Making Amends for Bad Behavior: How to Apologize (and Mean It)
We’ve all done things we regret, things that caused pain to someone else. While we wish we could go back in time and undo it, we can’t. All we can affect is what happens going forward. And that starts with an apology.
But apologizing takes courage. It puts you in a vulnerable position. It requires admitting you were wrong, and it means accepting the damage you caused. But apologizing can strengthen or even save a relationship. Plus, it’s the right thing to do.
To be effective or meaningful, though, apologies need to be heartfelt. If you’ve been on the receiving end of an insincere apology, you know it’s no better than not getting one at all. So next time you do wrong by someone, make sure you follow these steps to apologize in a meaningful way.
If you’re not truly sorry, there’s probably not much you can do to repair the relationship. Before you continue with an apology, take some time to reflect on what happened. Think about what you did, why you did it, and how it affected the other person. Consider their point of view and how they’re feeling. As you sit with what happened, feelings of remorse might start to crop up.
When you apologize, be specific about what you’re apologizing for. It will show the other person that you understand what you did and how it impacted them.
When apologizing, it can be tempting to explain why we did whatever we’re apologizing for. In some cases, that can help the other person understand our intentions or what provoked us. If they understand where we were coming from, it might be easier for them to forgive.
But it’s easy for “explaining” to turn into blame, deflection, or excuses. So state your explanation simply, and don’t spend too much time on it. Most importantly, make sure it doesn’t sound like you’re blaming the other person.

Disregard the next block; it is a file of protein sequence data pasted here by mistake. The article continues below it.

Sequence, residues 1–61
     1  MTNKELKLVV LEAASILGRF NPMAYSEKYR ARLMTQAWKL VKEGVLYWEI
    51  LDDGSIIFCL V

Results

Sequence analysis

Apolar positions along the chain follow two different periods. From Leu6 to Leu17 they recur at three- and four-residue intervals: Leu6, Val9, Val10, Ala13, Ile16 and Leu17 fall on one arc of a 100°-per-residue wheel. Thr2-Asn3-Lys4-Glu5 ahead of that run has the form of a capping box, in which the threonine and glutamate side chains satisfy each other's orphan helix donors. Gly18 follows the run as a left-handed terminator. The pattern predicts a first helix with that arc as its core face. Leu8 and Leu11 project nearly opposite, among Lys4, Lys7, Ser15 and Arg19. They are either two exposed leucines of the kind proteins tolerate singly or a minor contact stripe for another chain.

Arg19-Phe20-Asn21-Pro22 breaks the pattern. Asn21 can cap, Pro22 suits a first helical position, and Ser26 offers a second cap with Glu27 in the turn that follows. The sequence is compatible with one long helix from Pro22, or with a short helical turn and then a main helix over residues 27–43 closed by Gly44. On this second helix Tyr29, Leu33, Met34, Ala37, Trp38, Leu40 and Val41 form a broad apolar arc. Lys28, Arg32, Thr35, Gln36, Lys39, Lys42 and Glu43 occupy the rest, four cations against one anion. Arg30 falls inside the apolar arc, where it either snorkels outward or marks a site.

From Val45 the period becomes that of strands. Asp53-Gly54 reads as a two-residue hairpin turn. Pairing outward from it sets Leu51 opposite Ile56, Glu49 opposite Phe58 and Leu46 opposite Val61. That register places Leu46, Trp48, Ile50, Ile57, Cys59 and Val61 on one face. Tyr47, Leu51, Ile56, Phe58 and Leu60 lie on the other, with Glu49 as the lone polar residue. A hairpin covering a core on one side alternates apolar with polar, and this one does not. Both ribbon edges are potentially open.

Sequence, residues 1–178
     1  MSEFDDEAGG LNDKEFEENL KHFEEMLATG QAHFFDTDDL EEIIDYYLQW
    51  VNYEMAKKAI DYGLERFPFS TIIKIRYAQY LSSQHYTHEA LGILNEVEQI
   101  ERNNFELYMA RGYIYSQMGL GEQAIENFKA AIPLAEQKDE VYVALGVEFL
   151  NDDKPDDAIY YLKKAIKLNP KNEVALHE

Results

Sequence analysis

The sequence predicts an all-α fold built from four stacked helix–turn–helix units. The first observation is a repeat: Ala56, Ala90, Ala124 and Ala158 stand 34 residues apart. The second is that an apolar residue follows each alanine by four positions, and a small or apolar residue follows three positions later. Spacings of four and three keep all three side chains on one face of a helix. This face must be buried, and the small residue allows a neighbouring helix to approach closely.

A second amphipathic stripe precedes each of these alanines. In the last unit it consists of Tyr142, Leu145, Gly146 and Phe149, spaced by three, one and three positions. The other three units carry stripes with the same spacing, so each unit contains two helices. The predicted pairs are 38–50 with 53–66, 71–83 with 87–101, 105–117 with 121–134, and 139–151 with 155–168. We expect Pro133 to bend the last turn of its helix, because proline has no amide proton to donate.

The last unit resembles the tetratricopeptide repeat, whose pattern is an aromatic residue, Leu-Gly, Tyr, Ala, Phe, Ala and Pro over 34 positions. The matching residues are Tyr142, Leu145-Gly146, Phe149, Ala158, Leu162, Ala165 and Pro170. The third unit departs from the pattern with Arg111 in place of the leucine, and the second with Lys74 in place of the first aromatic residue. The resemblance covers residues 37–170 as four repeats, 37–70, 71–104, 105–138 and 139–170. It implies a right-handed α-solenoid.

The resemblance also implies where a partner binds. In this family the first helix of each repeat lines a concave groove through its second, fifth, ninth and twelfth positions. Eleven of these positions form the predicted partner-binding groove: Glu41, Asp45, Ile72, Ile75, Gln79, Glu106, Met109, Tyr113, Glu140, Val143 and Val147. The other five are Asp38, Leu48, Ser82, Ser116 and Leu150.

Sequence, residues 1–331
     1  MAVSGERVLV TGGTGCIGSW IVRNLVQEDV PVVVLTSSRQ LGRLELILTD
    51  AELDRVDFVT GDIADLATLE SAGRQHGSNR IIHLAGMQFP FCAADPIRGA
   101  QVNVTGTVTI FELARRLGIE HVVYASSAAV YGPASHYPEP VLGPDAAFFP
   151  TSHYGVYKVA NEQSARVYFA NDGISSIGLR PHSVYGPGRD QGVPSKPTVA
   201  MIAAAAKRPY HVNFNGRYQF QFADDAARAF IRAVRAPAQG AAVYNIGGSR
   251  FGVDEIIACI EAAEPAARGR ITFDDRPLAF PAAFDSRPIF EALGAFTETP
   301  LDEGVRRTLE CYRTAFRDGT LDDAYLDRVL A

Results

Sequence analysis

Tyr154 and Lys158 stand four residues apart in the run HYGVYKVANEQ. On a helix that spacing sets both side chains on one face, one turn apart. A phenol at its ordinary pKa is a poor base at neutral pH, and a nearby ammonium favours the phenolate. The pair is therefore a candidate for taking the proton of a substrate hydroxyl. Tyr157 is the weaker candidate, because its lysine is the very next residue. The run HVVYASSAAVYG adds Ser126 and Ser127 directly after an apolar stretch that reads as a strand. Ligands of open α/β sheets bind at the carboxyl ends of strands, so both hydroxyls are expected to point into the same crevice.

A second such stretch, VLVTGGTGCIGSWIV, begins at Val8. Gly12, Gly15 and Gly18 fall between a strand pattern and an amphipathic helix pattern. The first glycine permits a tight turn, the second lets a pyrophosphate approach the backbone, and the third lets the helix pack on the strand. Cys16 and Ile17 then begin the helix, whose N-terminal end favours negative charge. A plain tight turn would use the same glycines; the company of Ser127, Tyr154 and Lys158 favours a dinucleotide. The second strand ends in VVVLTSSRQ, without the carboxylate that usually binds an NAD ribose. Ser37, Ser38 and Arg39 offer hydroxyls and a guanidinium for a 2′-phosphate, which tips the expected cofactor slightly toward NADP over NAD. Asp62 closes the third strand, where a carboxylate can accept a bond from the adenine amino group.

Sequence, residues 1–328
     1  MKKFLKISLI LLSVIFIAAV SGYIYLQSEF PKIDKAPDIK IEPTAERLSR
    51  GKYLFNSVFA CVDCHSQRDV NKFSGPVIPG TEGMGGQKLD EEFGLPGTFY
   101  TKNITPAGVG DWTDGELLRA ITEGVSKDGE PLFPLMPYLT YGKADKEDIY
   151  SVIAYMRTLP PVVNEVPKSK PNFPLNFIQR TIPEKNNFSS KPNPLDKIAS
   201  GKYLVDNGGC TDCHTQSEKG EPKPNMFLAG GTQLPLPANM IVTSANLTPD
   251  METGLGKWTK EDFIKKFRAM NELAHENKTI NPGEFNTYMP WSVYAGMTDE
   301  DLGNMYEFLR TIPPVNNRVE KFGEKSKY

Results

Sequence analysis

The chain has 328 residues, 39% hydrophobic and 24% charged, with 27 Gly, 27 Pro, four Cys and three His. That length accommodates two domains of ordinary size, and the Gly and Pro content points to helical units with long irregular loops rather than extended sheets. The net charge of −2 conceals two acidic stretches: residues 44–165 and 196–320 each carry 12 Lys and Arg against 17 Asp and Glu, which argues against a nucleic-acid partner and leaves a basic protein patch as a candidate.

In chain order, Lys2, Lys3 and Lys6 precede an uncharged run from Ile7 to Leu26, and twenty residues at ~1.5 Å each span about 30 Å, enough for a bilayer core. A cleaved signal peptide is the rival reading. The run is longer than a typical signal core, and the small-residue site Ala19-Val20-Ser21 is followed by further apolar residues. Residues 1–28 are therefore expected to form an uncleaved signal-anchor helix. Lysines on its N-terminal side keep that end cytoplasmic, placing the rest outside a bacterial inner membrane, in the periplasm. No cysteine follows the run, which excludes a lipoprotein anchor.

Make it right.
In some cases, apologizing is all there is to do. But in others, there might need more to do in order to make it right.
For example, if you lost or broke something that belongs to someone else, you probably need to replace or repair it. If you took credit for something they did, you need to make sure others know it was their work. If you damaged their reputation with gossip or criticism, you should work to improve how other people see them.
Promise it won’t happen again.
If you did wrong by somebody, they may worry it will happen again. Part of making a genuine apology is assuring them that it won’t. If there’s something specific you’re working on or planning to change, point to that. If not, explain that you’ve learned from your mistake. Make a heartfelt promise that you won’t repeat it.
Give it time.
Ultimately, you have to let the other person process your apology on their own timeline. Or choose not to process it. Maybe they won’t forgive you, and that’s their choice. Once you’ve done all you can to make amends, the best thing you can do is give it time.
About the Author
Jen is a freelance writer, blogger, and yoga teacher who left her office job in Boston to travel the world with her husband. She previously worked in international development and academic research, and served as a Peace Corps volunteer in Rwanda. Some of her biggest passions include promoting responsible and mindful travel and helping her students develop their personal yoga practice.